University of Tennessee at Chattanooga
REL 4999, Religion in the time of Edwards, Wesley and Whitfield
London Yale University Press. 615 pp. $25.00 (paper), ISBN 0-300-09693-3.
Jonathan Edwards – A Life, by George M. Marsden, represents one of the best examinations of Jonathan Edwards amid an ever-growing body of Edwardsian scholarship. In it, Marsden explores the life and times of one of Evangelicalisms foremost fathers though the lenses of his historical background, his personality, his writings, and the many and multifaceted individuals and events that shaped and guided him. Through Marsden’s exploration of the life of Jonathan Edwards – we can see more clearly the reasons that Edwards holds his fatherly focus from within multiple echelons of Evangelical history: he is a father to those who studiously examine theology, to those who wrestle with their faith, to those who embrace science as an important and equal aspect when properly understood, and more so importantly – all those who love to expound secondly on the justice and truth of God, but primarily – and, for them, more importantly – the sweet grace of God.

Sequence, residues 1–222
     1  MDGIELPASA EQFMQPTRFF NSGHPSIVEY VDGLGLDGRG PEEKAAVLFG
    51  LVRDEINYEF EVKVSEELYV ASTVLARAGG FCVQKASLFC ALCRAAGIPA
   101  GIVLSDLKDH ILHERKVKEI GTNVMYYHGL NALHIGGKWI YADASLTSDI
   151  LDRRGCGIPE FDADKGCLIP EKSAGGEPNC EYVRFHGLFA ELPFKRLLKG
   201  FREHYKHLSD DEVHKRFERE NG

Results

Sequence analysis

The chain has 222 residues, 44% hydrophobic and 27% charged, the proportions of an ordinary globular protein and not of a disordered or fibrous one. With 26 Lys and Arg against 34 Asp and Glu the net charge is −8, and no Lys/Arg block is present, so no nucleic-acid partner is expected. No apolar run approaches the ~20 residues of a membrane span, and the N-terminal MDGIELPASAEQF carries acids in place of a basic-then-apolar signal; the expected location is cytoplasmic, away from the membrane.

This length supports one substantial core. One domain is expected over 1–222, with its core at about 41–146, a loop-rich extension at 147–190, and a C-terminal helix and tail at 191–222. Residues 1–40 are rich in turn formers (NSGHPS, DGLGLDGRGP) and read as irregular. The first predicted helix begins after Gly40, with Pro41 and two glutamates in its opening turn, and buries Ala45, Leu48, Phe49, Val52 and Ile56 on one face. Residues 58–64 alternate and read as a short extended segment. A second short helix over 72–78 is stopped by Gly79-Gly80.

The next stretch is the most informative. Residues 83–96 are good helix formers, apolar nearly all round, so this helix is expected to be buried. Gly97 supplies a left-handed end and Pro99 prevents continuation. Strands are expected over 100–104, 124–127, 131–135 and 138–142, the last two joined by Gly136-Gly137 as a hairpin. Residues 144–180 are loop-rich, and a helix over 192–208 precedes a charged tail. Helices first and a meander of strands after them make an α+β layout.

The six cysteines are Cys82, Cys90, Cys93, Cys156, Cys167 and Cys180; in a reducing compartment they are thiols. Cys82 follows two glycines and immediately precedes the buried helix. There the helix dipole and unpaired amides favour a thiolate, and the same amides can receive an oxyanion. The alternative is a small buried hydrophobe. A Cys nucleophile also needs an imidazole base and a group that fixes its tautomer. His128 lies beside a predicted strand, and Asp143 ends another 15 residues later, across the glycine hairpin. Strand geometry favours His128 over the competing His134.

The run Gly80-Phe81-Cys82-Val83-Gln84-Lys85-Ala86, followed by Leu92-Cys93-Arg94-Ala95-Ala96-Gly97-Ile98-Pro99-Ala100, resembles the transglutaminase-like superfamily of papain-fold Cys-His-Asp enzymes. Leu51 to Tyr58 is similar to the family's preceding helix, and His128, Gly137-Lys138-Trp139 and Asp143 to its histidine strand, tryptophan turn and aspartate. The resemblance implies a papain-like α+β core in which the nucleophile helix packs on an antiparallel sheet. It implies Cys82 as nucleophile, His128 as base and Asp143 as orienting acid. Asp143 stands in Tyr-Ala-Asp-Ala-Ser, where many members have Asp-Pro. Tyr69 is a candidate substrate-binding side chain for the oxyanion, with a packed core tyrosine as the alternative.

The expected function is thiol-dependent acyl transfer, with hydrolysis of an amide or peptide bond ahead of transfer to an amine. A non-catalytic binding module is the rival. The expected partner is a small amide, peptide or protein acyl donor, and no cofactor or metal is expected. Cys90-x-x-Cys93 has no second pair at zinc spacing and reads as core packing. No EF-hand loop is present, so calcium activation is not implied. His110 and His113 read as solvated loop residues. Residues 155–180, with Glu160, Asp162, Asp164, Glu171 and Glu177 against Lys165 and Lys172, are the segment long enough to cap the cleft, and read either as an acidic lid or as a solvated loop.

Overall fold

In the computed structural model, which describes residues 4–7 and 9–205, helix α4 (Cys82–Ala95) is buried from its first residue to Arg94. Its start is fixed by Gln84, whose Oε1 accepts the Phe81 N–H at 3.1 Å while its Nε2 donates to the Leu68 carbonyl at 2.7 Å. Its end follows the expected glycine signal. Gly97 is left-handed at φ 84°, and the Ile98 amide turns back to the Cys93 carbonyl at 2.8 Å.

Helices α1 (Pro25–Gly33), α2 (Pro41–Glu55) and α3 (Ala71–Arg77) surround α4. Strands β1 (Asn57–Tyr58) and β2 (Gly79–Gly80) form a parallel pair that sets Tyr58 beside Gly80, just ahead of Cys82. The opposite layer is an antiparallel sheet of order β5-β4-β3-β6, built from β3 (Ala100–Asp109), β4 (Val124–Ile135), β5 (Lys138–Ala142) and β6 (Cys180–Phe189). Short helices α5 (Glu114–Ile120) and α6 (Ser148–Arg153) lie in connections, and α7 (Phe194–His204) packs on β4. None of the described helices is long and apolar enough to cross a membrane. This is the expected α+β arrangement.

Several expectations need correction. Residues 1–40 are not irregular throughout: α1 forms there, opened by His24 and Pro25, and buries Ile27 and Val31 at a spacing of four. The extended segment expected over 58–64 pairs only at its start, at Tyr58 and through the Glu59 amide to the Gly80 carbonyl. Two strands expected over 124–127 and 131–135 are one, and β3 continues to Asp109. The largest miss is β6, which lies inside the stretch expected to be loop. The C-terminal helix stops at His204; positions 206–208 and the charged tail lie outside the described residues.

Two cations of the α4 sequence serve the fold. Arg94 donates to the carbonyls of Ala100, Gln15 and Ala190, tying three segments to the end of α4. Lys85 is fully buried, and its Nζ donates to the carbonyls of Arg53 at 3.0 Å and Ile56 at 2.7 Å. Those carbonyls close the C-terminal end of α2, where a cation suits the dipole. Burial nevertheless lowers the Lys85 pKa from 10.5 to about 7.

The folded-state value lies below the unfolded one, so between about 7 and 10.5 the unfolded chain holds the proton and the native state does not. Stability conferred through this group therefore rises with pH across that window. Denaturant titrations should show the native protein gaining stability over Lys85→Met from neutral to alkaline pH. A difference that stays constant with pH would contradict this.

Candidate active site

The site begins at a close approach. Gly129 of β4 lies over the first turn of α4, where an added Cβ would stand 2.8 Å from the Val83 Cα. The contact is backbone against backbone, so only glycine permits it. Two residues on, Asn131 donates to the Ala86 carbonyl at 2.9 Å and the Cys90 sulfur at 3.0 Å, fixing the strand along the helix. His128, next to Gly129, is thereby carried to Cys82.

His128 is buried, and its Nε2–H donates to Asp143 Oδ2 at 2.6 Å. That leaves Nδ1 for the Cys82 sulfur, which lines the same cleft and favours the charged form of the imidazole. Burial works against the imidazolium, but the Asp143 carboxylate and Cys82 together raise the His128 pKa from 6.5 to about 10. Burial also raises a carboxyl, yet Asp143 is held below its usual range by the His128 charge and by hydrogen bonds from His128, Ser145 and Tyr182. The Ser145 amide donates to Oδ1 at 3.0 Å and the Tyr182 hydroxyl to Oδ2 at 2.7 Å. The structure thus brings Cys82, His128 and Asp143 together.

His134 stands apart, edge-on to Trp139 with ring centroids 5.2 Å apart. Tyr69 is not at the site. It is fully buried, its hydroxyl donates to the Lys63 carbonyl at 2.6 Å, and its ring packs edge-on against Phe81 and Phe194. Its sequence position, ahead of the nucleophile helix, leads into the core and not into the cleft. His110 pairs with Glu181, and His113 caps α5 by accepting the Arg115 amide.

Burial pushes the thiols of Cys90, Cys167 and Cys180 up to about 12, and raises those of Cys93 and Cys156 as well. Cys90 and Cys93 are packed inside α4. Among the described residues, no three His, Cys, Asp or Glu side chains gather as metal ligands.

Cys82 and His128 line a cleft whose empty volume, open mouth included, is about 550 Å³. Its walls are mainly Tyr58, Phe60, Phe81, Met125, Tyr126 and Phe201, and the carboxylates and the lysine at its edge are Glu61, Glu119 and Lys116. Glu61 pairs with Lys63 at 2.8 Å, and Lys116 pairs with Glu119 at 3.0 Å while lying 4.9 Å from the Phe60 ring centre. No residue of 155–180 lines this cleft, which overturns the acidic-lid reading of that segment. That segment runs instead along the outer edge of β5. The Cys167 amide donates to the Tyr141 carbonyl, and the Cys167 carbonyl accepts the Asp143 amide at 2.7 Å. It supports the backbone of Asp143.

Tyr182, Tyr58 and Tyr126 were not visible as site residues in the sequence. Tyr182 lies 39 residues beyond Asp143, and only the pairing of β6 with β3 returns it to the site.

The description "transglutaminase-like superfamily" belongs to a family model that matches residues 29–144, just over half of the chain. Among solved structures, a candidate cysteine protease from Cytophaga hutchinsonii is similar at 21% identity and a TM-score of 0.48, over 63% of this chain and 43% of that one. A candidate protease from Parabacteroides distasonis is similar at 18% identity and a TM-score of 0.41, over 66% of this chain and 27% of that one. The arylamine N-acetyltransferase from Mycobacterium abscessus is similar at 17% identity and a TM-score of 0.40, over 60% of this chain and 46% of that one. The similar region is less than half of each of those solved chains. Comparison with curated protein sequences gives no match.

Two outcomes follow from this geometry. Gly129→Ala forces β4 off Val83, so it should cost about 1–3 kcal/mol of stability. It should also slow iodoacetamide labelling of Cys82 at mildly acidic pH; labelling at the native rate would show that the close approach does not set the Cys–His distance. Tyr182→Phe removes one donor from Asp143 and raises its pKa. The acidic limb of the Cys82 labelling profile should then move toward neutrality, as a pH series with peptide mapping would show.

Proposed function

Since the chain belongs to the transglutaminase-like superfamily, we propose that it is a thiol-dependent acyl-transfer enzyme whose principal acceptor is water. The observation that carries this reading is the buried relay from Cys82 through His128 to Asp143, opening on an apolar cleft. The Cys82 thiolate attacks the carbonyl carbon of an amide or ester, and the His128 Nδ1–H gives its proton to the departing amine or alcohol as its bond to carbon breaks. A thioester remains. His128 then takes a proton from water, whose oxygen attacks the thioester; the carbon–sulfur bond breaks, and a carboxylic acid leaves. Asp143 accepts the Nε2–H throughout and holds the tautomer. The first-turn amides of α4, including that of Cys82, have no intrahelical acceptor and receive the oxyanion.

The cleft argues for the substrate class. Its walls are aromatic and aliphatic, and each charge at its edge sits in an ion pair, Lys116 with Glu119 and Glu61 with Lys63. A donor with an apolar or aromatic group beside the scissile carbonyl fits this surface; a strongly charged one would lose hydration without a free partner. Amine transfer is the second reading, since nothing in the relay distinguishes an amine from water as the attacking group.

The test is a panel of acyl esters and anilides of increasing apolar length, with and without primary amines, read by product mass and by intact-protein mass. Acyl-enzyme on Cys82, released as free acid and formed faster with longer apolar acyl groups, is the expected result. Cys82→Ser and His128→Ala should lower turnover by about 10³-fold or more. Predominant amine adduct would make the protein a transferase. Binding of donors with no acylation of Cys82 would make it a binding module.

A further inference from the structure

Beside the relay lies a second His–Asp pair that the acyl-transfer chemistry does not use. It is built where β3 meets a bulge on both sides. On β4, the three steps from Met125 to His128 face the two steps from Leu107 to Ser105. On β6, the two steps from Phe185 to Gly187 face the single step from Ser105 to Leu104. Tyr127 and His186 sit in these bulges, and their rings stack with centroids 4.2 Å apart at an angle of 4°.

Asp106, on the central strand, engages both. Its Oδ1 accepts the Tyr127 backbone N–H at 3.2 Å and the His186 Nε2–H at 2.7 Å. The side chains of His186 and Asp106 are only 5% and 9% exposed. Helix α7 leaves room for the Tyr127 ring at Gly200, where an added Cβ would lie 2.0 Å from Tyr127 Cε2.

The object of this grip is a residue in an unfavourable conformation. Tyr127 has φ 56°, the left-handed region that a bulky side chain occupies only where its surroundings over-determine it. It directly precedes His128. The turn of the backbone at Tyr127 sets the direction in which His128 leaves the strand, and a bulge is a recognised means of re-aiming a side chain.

It must be conceded, however, that any book can be found wanting in some inventive-to-the-reader regard. No book can cover everything in such comprehensive detail whereas to be sufficient for everyone, everywhere, and concerning everything. But Marsden comes as close to a gold standard as can be considered possible. Marsden allows a detailed – yet approachable writing style that benefits both the seminary student and the blue-collar deacon. When Marsden describes why Edwards might have had “too dim a view on human nature” by telling us that there were various horrific murders by the hands of his own relatives – and that his grandmother was “an incorrigible profligate” (22) – we can almost see Marsden winking at us through the pages; too respectful to use the word ‘slut’ – too honest to leave it out. Though Marsden may use eloquent language to innocuously avoid the rhetorical banality of the more crass & common descriptor for Edward’s grandmother – Marsden keeps his language otherwise remarkably accessible and open.
This avoidance of seminarian jargon is especially helpful when covering the topics of how and why Calvinists believe that God’s grace cannot be controlled (28), the sovereignty of God in Edward’s theology (11), his polemics against Arminianism (87-88), Edward’s belief in how and why the Universe actually exists (77), Edwards thoughts on then-modern social conundrums – such as Slavery (255) and the American Indians (174-175, 390), and many others.